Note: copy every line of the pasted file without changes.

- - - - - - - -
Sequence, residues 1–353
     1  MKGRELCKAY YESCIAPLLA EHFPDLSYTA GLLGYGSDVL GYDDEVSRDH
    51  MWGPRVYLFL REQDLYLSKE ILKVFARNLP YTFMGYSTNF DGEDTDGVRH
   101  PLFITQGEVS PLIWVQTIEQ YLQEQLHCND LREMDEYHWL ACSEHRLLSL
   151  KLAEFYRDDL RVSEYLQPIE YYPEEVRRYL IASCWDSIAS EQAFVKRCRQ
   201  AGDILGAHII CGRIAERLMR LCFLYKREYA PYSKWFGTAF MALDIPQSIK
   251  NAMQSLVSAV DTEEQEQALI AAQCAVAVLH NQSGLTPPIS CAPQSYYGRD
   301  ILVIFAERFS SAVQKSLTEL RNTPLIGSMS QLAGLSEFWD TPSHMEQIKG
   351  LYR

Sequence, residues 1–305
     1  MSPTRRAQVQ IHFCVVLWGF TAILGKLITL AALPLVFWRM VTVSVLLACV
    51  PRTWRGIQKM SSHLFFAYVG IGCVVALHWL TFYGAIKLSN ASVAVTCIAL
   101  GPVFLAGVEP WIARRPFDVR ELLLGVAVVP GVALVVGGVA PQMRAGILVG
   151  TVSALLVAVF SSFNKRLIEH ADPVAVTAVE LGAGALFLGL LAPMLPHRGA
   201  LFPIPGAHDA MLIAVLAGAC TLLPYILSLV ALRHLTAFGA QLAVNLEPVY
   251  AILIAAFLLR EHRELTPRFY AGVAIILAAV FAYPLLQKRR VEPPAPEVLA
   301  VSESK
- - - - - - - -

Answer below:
Sequence, residues 1–353
     1  MKGRELCKAY YESCIAPLLA EHFPDLSYTA GLLGYGSDVL GYDDEVSRDH
    51  MWGPRVYLFL REQDLYLSKE ILKVFARNLP YTFMGYSTNF DGEDTDGVRH
   101  PLFITQGEVS PLIWVQTIEQ YLQEQLHCND LREMDEYHWL ACSEHRLLSL
   151  KLAEFYRDDL RVSEYLQPIE YYPEEVRRYL IASCWDSIAS EQAFVKRCRQ
   201  AGDILGAHII CGRIAERLMR LCFLYKREYA PYSKWFGTAF MALDIPQSIK
   251  NAMQSLVSAV DTEEQEQALI AAQCAVAVLH NQSGLTPPIS CAPQSYYGRD
   301  ILVIFAERFS SAVQKSLTEL RNTPLIGSMS QLAGLSEFWD TPSHMEQIKG
   351  LYR

Sequence, residues 1–305
     1  MSPTRRAQVQ IHFCVVLWGF TAILGKLITL AALPLVFWRM VTVSVLLACV
    51  PRTWRGIQKM SSHLFFAYVG IGCVVALHWL TFYGAIKLSN ASVAVTCIAL
   101  GPVFLAGVEP WIARRPFDVR ELLLGVAVVP GVALVVGGVA PQMRAGILVG
   151  TVSALLVAVF SSFNKRLIEH ADPVAVTAVE LGAGALFLGL LAPMLPHRGA
   201  LFPIPGAHDA MLIAVLAGAC TLLPYILSLV ALRHLTAFGA QLAVNLEPVY
   251  AILIAAFLLR EHRELTPRFY AGVAIILAAV FAYPLLQKRR VEPPAPEVLA
   301  VSESK